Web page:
By Our Staff Reporter
Guwahati, April 20: A series of tremors in the region and elsewhere in the world, some of them very destructive, have left seismologists worried.
Northeast India, lying in the highest seismic risk zone V, has witnessed 29 earthquakes this year so far. Of these, nine were epicentered in Assam and five in the highly active Indo-Myanmar border region of Manipur.
A 6.9 magnitude quake struck Myanmar 135 km north-west of Mandalay on April 13. It shook eastern India, causing damage in many states of the region.
Over the last one month, there have been unusually active seismic activities across the globe, with a string of powerful earthquakes jolting Ecuador, Japan, Afghanistan and Indonesia, killing dozens of people and triggering several tsumi alerts.
Experts are not drawing quick conclusions, but some say it is "worrying".
"If strong quakes occur at quick succession, it is a bit worrying. Generally strong quakes do not occur in such quick succession," said Aboni Bhagowati of Gauhati University, referring to the quakes across the world.
Geologist Ranju Duara, however, allayed fears by pointing out: "Quakes cannot be predicted. No one can say if a quake would occur or not. But as the Northeast lies in a highly seismic zone, the people and the government should focus mainly on precautiory measures."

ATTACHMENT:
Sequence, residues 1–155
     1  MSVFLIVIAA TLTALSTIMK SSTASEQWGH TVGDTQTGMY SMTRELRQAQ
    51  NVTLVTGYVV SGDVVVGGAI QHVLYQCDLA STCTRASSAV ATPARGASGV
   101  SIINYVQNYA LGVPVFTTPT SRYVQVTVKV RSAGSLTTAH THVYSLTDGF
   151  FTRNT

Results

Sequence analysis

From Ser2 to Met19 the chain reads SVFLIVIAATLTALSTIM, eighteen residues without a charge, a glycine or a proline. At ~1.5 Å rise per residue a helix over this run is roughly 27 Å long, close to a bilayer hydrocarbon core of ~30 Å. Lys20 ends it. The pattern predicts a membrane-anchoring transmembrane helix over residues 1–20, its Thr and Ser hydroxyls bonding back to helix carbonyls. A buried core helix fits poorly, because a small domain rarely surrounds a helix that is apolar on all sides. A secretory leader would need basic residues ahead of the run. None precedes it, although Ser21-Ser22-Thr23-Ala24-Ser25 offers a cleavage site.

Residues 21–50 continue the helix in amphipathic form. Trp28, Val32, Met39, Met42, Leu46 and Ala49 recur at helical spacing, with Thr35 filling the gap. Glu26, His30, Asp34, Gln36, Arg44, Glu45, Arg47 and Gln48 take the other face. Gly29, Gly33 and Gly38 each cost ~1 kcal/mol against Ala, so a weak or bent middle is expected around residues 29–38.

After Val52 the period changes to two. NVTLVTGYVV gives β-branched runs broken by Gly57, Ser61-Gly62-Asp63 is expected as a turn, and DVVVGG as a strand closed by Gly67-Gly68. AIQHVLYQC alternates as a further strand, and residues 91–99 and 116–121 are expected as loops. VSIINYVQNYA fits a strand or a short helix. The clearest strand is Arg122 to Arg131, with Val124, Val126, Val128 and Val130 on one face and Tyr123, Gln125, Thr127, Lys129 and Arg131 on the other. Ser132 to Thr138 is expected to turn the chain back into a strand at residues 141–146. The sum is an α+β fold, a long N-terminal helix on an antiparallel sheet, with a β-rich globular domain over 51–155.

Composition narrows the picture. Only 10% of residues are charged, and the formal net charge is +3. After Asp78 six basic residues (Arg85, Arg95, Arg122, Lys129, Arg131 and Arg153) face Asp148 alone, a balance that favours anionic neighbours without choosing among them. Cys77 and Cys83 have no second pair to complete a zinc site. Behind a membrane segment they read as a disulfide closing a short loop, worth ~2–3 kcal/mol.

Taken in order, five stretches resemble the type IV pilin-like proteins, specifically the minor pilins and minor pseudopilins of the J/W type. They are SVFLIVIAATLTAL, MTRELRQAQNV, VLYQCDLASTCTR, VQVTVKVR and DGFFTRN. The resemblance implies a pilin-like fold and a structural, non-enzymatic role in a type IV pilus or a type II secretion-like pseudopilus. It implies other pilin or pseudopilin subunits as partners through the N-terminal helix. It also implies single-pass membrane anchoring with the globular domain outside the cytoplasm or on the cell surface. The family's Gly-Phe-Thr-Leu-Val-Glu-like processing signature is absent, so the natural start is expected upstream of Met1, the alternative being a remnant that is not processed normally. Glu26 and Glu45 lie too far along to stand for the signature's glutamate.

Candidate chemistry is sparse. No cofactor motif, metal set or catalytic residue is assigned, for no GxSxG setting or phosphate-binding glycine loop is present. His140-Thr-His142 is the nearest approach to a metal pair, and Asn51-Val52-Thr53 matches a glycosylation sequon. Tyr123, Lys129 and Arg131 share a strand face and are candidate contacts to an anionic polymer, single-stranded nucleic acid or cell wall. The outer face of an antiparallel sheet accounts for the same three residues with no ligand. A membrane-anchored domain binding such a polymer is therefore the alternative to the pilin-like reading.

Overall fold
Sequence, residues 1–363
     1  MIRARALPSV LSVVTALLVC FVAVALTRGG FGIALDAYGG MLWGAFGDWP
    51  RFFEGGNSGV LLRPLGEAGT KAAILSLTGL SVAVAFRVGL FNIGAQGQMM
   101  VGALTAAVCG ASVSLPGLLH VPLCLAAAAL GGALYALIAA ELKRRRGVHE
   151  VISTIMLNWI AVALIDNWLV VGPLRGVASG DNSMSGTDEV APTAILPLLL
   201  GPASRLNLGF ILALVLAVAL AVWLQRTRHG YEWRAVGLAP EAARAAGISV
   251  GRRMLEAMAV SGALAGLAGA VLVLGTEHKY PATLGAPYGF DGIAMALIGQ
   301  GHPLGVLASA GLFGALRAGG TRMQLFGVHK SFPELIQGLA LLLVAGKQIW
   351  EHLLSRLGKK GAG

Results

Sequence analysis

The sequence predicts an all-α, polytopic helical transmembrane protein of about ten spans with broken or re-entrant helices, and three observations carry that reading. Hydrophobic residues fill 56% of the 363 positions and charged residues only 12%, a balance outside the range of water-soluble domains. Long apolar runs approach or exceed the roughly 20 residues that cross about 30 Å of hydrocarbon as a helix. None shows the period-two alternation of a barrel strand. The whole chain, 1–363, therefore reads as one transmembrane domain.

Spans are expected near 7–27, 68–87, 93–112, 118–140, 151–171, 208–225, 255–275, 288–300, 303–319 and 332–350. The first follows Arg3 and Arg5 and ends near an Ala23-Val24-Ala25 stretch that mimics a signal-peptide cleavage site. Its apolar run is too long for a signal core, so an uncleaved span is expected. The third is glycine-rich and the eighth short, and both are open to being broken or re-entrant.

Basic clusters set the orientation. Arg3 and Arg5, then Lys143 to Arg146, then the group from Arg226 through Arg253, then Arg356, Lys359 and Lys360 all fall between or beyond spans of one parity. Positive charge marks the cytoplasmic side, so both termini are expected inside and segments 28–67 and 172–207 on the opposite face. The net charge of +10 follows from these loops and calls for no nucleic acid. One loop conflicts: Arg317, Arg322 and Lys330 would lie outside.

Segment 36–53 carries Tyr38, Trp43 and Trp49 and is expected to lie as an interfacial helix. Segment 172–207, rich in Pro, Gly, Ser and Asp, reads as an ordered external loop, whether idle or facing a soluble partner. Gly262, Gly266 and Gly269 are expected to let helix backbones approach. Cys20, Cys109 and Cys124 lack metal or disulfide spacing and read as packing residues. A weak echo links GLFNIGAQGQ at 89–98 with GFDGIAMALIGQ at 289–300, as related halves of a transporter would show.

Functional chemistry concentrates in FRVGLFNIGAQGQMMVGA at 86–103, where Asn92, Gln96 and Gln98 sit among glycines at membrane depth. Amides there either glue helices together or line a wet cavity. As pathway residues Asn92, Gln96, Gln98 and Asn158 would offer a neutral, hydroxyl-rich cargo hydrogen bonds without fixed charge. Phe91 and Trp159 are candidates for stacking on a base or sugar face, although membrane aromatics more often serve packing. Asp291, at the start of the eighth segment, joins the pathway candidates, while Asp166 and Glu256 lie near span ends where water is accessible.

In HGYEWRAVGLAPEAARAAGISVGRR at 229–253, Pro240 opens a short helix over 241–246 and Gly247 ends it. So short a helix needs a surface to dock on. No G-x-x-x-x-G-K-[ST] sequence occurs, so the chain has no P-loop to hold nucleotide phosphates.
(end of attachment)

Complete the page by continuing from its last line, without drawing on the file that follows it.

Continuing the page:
On average, 25-30 moderate to slight intensity quakes are recorded in the Northeast region by the Shillong observatory every year. Besides those, there are several others which are not recorded or are less than 3 on the Richter scale. Most of the quakes are between magnitude 4-5. The most common geological fault is the Indo-Myanmar fault in Manipur where most of the quakes are epicentered. Besides, there are other faults under Morigaon (Assam), Shillong, Indo-Bangladesh border and Aruchal.
The North Eastern region has experienced some of world's worst quakes, be it the Shillong quake of 1897 or the Assam quake of 1950, both measuring around 8.5 and reckoned to be two major quakes in human history, both in terms of intensity and destruction.
The quake in the Shillong plateau had left 1,542 people dead. The US-based GeoHazards Intertiol, in a report, had warned that if a magnitude 8.3 quake hits Shillong again, it will kill 60 times more people as were killed in 1897.
The reason, it says, is the replacement of single-story bamboo homes with multi-story, poorly constructed concrete frame structures, often on steep slopes, which have made the population much more vulnerable to high intensity temblors.